BY KIRSTIE LYNN DOBBS
The hunter/jumper community turned upside down when Roby Roberts announced that the long-anticipated World Equestrian Center circuit in Ocala Florida would not be a USEF sanctioned event. Instead, the circuit would be sanctioned by the National Snaffle Bit Association (NSBA), traditionally a western riding organization. Paradigm shifts do not happen often in this very traditionally rooted discipline, but for many this move symbolized a crisis. A crisis that many members of the community have felt for decades. A crisis stemming from increasing costs that makes the sport increasingly inaccessible to many Americans.
The response thereafter (notably on social media) was hyper critical of USEF in terms of their practices, regulations, and membership fees. Even the leadership culture and structure of the organization has been under attack. As a scholar of revolutions, social movements, and civic engagement, I couldn’t help but ask myself… is a revolution in the making?
There is so much more to political and social transformation than having a context ripe for change. You need committed revolutionaries. You need a solid group of people who are willing to put a strategic plan into action that spurs along progress and measurable change. You may be reading this and thinking, “This could be me! I want change! I want a better future for my horse friends, my child, my family, who are so invested in the beautiful bonds that exist between humans and horses.” But where to begin? Referencing one of my favorite books, Blueprint for Revolution, I’ve outlined a toolkit that has successfully led to social and political change across the world to make communities a better place.
Dream Big, Start Small
If you are thinking about forcing the entire USEF board to resign while strong arming show managers to lower their entrance and nomination fees… good luck. Those are tremendous hurdles that are just simply too big to chew. Revolutions are not won by one big momentous change, but represent a culmination of little changes that happen over a long span of time.
I see many “dream big, start small” acts happening already in the hunter/jumper community. The fact that various workshops and meetings at the 2020 USHJA annual meeting are free, including the Diversity and Inclusion in our Sport workshop, is a small win. It also appears that there has been an uptick in different industry related companies promoting anti-racism while working towards inclusivity. Photographers, boot companies, and various media outlets have “stepped-up their game” in terms of promoting inclusivity in the sport.
Create a Vision of Tomorrow
People across the industry are unlikely to join your revolution if you don’t have a clear vision for tomorrow. What exactly are you trying to achieve? What goals are you working towards? Based on the copious amounts of social media posts on this subject, it seems like what horse people want is to enjoy showing, riding, and being with their horse without fear of discrmination and judgement.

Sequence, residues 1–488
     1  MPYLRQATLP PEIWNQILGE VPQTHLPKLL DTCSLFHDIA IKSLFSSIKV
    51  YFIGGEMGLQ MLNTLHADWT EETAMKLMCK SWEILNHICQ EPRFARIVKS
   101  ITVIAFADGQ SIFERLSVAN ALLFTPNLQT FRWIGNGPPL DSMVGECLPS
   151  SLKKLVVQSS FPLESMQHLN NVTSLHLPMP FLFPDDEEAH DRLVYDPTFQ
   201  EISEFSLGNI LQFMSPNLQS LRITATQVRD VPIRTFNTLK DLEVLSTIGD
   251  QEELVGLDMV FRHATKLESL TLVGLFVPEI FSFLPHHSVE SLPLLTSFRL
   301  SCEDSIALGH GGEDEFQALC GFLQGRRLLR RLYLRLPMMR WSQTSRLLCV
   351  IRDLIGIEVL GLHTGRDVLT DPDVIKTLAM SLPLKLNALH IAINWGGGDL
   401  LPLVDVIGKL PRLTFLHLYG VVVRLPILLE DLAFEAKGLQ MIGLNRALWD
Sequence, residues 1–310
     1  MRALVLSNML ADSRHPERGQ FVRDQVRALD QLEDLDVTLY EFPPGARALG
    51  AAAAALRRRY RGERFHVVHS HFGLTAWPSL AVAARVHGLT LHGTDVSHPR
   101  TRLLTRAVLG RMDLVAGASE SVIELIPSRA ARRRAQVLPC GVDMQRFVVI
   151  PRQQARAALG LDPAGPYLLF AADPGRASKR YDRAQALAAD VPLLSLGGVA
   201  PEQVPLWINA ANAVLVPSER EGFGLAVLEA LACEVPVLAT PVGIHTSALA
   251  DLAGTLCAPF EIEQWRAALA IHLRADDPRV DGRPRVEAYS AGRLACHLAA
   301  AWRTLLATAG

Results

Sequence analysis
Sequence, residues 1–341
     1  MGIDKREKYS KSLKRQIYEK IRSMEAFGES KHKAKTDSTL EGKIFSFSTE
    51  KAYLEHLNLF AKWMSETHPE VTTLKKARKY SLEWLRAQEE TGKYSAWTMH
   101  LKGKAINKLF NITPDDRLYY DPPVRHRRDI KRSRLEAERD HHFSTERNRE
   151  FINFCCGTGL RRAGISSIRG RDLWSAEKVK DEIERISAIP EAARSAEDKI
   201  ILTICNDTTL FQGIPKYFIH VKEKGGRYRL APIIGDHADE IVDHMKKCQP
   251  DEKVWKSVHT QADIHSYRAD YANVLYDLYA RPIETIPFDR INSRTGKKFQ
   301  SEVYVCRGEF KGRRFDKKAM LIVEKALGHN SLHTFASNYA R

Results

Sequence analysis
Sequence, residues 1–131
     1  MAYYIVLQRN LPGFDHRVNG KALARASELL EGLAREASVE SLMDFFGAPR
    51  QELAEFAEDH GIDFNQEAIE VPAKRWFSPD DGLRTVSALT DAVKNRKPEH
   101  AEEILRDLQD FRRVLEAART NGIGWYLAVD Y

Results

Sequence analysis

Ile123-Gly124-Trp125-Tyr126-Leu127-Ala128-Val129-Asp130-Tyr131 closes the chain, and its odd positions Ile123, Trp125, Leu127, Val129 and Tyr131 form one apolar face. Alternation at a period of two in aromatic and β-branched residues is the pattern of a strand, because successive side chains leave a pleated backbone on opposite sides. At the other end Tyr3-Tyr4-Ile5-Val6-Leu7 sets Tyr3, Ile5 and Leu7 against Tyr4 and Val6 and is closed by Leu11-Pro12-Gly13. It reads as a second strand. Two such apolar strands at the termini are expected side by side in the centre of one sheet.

This vision not only includes a cultural shift in attitudes towards “who” constitutes an athlete, but also the costs involved. People want a reduction in the barriers associated with riding. So, my dear revolutionary, put this in a simple, clearly articulated mantra that can be expressed widely across various different platforms.
The most difficult hurdle for the horse showing community may be the importance of unity. People (not just equestrians) tend to think they know better than anyone else, and a coherent unified message can often be derailed as individuals and groups gallop off into their own directions. With horses, we often demarcate our social circles based on where we show, how many horses we have, and whether we are in the three foot adult hunter ring or in the grand prixs.
If we are going to have real social and political change in this industry, this behavior needs to stop. We need to focus on how we can identify with one another, regardless of our demographics that might shape our differing experiences with the equestrian world. I think we can all agree that the horse community is bonded on a shared love for the horse. Revolutionaries need to capitalize on this shared identity and use it to move the movement forward.
What I am trying to communicate is that we horse revolutionaries do not need to reinvent the wheel, but we also will not win by simply calling out each other via social media. We need to formalize our action by adopting pre-established models of promoting social change and adapt them to fit our objectives that are centered on a unified vision.
A great asset of our sport, is that it is particularly attractive to young people who often spur along social and political change. Young people have been critical in speaking out about racism, discrimination, and inaccessibility in our sport. But youth driven revolutions likely fail if they do not have a concrete plan. So, let’s make one.
If any of this interests you, then maybe these strategies for action might motivate and empower you to join the revolution.
Signed – Rebel Pony
Kirstie is a lecturer in the Department of Political Science and Public Policy at Merrimack College in North Andover, MA. She shows as an amatuer in the hunters, jumpers, and equitation out of her family stable Treesdale Farms located in Carmel, IN.